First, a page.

# finding GPM for flow test

Discussion in 'Irrigation / Sprinkler Forum' started by v1rtu0s1ty, Apr 25, 2007.

1. ### v1rtu0s1tyDIY Senior Member

Joined:
Sep 18, 2006
Location:
Chicago IL
I'm back guys. I have downloaded the document from Rain Bird where we draw our property. I've finished drawing it. However, there is another form that I need to fill out. There was one item there that I don't know what to write. It is the flow test. The unit is in GPM, gallons per minute. How do I conduct the test to get an accurate GPM reading?

Thanks!

2. ### hjModerator & Master PlumberStaff Member

Joined:
Aug 31, 2004
Occupation:
Plumber
Location:
Cave Creek, Arizona
flow test

Unless you already have the connection opening in place, you will not get a true reading, but use a five gallon bucket and see how long it takes to fill it. Then extrapolate that figure into gallons per minute.

4. ### jimboPlumber

Joined:
Aug 31, 2004
Location:
San Diego, CA
5. ### v1rtu0s1tyDIY Senior Member

Joined:
Sep 18, 2006
Location:
Chicago IL
Rainbird told me this but I think it's not correct.

Fill up a 5 gallon bucket and time it. Then the number of seconds I will get should be multiplied to 60. Then the product, divide it by 5.

I don't think it's correct. Even if I use 40 seconds to fill up a 5 gallon bucket, we will get 480. And they told me that 480 is the gallons per minute. LOL. I can now then provide water to our fire department. LOL.

6. ### Gary SwartIn the Trades

Joined:
Sep 1, 2004
Location:
Yakima, WA
I don't understand their formula either. Here's what I come up with. You filled the 5 gallon bucket in 40 seconds. 40 seconds is 2/3 of one minute. 5 divided by 2/3 is 7-1/2 gallons per minute.

7. ### v1rtu0s1tyDIY Senior Member

Joined:
Sep 18, 2006
Location:
Chicago IL
I think that looks better. Here is the final formula

GPM = Ngallons / (seconds / 60)

example for a 2 gallon bucket, and it took 5 seconds to fill it up

GPM = 2 gallons / (5 secs/60)
GPM = 2 gallons / .08333
GPM = 24

in our earlier example, 40 secs for a 5 gallon bucket

GPM = 5 gallons / (40 secs/60)
GPM = 5 gallons / .67
GPM = 7.5

in my real test, I went outside and hooked up a hose, it took 30 secs to fill up a 5 gallon bucket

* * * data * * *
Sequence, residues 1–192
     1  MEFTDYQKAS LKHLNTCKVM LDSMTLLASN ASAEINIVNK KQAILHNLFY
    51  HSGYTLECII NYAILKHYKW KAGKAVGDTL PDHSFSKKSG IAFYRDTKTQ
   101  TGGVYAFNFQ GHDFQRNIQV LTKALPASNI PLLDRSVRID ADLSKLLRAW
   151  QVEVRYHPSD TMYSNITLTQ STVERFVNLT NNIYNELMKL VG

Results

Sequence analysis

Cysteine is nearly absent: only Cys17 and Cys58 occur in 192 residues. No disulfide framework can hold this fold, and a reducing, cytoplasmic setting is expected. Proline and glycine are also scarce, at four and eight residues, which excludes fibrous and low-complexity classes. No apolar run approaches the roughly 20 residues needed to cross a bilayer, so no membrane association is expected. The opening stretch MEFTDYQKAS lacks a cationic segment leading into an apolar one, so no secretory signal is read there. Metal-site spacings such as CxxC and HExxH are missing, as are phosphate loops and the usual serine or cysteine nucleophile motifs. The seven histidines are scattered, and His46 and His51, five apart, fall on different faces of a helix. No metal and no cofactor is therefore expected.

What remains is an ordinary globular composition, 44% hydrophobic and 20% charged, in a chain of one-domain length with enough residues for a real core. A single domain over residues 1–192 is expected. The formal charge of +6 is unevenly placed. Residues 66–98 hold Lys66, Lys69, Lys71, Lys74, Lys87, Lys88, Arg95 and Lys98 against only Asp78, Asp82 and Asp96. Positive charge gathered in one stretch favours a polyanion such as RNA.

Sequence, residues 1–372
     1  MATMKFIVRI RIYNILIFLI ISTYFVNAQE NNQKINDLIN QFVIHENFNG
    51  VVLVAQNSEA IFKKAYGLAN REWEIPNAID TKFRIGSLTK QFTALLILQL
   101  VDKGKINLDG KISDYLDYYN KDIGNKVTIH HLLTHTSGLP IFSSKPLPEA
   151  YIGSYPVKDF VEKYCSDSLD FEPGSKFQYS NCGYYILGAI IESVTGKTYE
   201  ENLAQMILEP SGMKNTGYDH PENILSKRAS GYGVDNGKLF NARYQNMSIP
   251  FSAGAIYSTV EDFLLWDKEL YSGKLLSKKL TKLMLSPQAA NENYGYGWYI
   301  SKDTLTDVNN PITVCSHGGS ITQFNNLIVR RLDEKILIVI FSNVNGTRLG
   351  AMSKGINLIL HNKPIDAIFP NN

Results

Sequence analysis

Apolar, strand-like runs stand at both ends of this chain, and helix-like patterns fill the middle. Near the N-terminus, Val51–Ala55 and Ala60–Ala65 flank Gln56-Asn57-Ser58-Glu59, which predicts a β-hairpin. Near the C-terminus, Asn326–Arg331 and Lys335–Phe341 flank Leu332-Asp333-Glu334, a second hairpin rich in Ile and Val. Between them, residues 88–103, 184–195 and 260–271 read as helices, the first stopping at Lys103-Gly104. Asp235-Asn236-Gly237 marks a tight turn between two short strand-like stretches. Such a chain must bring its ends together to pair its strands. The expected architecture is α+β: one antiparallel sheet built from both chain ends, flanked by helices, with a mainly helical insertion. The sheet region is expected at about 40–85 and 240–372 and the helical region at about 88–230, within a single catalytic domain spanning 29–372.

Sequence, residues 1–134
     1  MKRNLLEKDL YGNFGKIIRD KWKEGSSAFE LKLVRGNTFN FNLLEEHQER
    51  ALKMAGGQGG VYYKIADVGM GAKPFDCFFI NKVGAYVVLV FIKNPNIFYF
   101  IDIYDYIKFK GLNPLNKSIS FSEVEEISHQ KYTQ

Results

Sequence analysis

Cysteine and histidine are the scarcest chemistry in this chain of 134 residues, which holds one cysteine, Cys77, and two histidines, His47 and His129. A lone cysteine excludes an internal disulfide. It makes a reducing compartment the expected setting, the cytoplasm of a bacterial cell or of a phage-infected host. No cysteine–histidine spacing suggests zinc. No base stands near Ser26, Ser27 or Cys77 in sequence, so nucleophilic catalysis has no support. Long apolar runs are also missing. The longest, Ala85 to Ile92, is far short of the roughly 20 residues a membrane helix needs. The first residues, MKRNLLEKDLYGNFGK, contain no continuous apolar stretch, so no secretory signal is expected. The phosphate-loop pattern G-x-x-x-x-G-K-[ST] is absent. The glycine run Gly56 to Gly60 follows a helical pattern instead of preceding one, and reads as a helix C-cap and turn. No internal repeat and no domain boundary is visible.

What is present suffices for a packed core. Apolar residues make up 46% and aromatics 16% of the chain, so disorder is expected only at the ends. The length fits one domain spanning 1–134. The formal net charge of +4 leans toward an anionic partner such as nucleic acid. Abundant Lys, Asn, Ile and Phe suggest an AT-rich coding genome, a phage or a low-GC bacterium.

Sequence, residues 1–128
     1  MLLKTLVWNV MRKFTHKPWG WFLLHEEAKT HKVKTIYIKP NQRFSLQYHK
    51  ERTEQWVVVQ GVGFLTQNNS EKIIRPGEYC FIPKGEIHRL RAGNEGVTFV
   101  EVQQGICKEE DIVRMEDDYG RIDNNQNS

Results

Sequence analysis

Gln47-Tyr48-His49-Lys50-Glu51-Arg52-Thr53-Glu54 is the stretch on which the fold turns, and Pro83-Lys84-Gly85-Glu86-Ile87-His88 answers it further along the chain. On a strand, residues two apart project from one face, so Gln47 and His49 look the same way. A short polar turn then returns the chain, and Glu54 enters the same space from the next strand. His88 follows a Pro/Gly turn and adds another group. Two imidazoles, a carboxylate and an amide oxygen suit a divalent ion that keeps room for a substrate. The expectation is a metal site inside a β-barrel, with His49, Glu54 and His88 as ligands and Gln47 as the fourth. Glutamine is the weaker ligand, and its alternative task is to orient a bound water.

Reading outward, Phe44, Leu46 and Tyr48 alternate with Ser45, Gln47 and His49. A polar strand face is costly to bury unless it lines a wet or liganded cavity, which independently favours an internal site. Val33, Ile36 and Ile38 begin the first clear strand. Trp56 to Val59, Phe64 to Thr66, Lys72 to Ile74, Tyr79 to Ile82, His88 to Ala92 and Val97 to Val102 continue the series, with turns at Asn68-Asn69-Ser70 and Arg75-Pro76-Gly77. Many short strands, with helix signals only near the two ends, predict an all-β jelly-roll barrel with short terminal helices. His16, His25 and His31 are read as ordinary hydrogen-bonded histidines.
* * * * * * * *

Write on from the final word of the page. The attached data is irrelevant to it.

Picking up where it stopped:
GPM = 5 gallons / (30 secs/60)
GPM = 5 gallons / .5
GPM = 10 gallons

what do you think guys about my GPM? Is it low?

and the PSI based from the tool I bought says 55 psi.

Do I have good data for me to continue my sprinkler system wish or dream?

Last edited: Apr 26, 2007
8. ### speedbumpActive Member

Joined:
Jul 15, 2005
Occupation:
Water well and pump tech.
Location:
Riverview, Fl.
Getting the flow from a hose bibb will probably not give you the figure your looking for. Most water hookups are either 5/8" or 3/4". A lot more water will flow from the larger pipe than it will through a hose bibb which is usually piped with 1/2" or smaller. Where your sprinklers are going to be tee'd in is where you need to do the bucket test.

9. ### v1rtu0s1tyDIY Senior Member

Joined:
Sep 18, 2006
Location:
Chicago IL
Ah, I was actually thinking of that last night. I was telling myself that the system will not be connected to the outside faucet. But I'm thinking of hooking up new copper pipes. Unfortunately, I don't have those pipes yet. So folks, what diameter of pipe are your recommendation from the inside which is in my basement? Do I just need one new 3/4" or 5/8" copper pipe going to the device that does the zoning?

If that is the case, how do I properly measure the the GPM then?

I'm worried now with RainBird since they already failed with the formula. Or is it just because those are just sales people?

10. ### speedbumpActive Member

Joined:
Jul 15, 2005
Occupation:
Water well and pump tech.
Location:
Riverview, Fl.
Wherever your going to tee into your existing water pipe is where you should do the test. You will have to shut the water off at the meter to make the tap on the main line. Then do the bucket test from that new line which can have a valve right at the tee. You should also have a gauge in that line so you can see how any gallons per minute you get at around 40 lbs. That is what the sprinklers are going to want to work with.

bob...

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11. ### v1rtu0s1tyDIY Senior Member

Joined:
Sep 18, 2006
Location:
Chicago IL